The church building was in the countryside, and a ranch was across the fence. Choosing my words carefully, I laid out my thoughts, and I was convinced I had won them over. But at the very moment I said my last word, the donkey in the adjacent field spoke!

I haven’t heard a donkey bray that loudly before in my life! Of course, the elders and I began to laugh at the timing of the interruption. But to make matters worse, my lead elder said as loudly as the donkey, “My Sympathies, Exactly!”

The three of us broke out in an uproarious laughter. We had been friends for over a year and disagreements never hurt us. But that event brought us even closer together.

When I muttered, “Dumb donkey!” the other elder said, “He’s not dumb. He spoke his mind quite clearly.” More laughter ensued, and we went back into the building to get some coffee—mine with cream and sugar.

Then Romans 12:3b came to mind. “Don’t think you are better than you really are. Be honest in your evaluation of yourselves, measuring yourselves by the faith God has given us” (NLT).

Over coffee, I asked them to state their opinion—again—and I would listen carefully. In the next half-hour, I realized they were right, and we worked out an alternate plan.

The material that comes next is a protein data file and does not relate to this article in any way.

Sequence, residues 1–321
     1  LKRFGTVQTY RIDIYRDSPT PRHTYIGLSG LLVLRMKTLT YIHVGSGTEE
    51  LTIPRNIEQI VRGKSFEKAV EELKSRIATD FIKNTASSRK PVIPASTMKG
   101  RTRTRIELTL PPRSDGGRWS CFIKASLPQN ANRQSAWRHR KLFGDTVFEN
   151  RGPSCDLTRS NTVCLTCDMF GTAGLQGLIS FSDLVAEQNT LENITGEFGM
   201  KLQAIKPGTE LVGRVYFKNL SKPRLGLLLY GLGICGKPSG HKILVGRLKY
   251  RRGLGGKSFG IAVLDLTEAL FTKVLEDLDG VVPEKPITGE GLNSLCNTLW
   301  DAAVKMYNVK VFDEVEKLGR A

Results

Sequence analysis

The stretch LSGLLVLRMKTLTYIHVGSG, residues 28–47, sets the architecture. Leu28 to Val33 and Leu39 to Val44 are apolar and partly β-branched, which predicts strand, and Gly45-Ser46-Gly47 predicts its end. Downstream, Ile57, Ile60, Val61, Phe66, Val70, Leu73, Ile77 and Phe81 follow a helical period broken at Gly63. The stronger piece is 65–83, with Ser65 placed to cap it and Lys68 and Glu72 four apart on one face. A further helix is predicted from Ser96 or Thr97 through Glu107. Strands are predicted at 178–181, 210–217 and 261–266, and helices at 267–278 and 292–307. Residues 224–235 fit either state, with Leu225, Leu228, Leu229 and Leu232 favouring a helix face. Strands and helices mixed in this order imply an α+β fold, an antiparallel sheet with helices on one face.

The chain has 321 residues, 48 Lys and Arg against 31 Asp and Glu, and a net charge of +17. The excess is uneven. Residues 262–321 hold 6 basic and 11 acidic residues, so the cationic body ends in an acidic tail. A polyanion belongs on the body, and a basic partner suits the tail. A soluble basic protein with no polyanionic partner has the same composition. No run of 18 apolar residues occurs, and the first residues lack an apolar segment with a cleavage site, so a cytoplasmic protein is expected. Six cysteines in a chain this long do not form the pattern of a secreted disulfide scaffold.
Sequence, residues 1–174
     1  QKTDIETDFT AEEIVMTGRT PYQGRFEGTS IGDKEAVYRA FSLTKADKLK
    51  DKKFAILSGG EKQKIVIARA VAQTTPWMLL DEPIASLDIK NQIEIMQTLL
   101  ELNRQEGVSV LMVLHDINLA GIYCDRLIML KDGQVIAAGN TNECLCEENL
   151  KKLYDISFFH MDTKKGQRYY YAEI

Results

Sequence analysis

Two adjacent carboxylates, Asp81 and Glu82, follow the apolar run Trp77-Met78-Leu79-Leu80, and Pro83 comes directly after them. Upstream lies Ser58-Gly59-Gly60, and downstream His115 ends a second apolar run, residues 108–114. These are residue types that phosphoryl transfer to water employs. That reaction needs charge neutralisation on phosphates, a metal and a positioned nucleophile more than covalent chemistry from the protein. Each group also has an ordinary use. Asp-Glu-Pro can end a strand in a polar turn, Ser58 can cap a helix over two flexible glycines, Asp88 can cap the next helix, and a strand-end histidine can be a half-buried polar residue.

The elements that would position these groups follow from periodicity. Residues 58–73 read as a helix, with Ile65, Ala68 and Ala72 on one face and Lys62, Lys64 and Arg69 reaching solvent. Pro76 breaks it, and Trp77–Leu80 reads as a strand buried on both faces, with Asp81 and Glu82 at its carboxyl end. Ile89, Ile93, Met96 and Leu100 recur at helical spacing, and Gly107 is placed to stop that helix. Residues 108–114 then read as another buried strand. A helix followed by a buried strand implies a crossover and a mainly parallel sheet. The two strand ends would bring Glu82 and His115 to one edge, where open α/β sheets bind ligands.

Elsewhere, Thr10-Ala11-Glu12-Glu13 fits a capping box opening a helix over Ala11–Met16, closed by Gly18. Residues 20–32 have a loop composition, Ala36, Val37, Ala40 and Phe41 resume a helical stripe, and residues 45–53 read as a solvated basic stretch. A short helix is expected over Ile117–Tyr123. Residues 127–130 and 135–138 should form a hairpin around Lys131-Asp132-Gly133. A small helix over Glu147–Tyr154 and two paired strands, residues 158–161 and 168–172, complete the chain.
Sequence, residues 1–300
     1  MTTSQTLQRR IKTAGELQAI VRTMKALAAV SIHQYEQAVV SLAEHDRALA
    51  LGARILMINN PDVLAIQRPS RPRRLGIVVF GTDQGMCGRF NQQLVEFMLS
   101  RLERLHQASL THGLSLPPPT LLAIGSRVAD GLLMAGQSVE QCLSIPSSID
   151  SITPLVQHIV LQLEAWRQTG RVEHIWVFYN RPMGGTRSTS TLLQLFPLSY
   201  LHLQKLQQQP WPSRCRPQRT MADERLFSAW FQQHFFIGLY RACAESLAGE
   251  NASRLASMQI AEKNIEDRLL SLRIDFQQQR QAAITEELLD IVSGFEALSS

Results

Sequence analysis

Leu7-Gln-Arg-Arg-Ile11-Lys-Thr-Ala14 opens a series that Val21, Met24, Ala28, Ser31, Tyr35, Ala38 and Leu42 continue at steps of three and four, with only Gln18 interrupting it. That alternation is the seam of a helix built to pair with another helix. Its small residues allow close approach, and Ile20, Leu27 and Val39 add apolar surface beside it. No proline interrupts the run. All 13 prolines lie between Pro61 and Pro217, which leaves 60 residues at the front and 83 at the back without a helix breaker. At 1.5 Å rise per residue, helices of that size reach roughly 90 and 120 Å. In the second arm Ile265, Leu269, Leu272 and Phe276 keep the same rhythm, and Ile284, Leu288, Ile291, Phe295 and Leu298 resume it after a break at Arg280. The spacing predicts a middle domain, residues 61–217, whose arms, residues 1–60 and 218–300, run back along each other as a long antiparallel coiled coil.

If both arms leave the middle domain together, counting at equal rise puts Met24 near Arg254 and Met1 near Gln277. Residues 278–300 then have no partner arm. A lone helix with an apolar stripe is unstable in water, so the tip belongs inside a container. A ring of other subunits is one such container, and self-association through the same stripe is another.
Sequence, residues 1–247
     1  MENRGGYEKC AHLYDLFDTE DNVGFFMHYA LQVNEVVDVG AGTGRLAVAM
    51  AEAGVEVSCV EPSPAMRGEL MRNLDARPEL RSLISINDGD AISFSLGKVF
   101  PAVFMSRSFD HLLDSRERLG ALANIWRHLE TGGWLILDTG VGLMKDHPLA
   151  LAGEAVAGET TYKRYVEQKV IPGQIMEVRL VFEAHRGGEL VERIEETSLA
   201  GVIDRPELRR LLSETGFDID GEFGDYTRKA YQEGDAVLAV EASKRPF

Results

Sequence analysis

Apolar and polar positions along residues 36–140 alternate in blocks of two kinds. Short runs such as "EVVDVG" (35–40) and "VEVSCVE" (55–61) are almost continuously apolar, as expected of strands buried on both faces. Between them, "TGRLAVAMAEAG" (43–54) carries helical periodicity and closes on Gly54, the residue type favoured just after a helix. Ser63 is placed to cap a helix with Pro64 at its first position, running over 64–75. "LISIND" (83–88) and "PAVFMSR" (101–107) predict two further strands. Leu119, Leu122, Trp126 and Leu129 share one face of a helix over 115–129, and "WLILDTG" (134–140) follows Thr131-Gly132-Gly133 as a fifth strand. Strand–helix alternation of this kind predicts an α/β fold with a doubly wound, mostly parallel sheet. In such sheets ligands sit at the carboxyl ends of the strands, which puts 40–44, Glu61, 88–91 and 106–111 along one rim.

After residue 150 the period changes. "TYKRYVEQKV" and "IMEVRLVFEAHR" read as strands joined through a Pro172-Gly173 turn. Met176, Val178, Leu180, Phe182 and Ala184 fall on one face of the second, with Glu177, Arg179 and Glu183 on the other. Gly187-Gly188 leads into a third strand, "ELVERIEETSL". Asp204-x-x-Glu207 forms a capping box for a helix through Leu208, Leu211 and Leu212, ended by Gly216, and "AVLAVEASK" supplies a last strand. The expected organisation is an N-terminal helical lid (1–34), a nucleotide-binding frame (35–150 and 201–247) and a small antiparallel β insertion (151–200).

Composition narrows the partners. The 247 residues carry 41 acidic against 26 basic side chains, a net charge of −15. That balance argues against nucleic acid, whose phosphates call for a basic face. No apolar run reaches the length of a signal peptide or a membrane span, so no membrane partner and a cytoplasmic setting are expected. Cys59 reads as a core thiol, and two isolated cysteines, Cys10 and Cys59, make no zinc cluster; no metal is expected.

That incident did more than settle a disagreement. As word got around to the church members that they now had a pastor who was willing to listen, they began to trust me.

Still working on the other problems, I preached on forgiveness four times a year for three years—that’s what it took to settle the other personnel issues. And when I eventually resigned as pastor, that same groceryman told me, “Your church has a new name in town: the Loving Church.”

I thanked God for prompting the donkey to speak.

Commander Fuchida Led the Attack

“Sweetheart, my sister just called. She wants to take us four sisters on a sisters-trip. She wants us to go next month. What do you think?”

 “That’s wonderful, Precious! Where are you going?”

“HAWAII!”

“You have to visit the USS Arizona Memorial in Pearl Harbor. That’s a must!”

“We have a month to plan our trip,” Carol responded, “but the USS Arizona will definitely be included.”

That was in June of 2003, and they had a marvelous time!

Years ago in New Mexico, three people who were protesting the bombing of Hiroshima and Nagasaki challenged me about my emphasis on remembering Pearl Harbor. They said, “Pearl Harbor was nothing compared to what the US did to Japan!”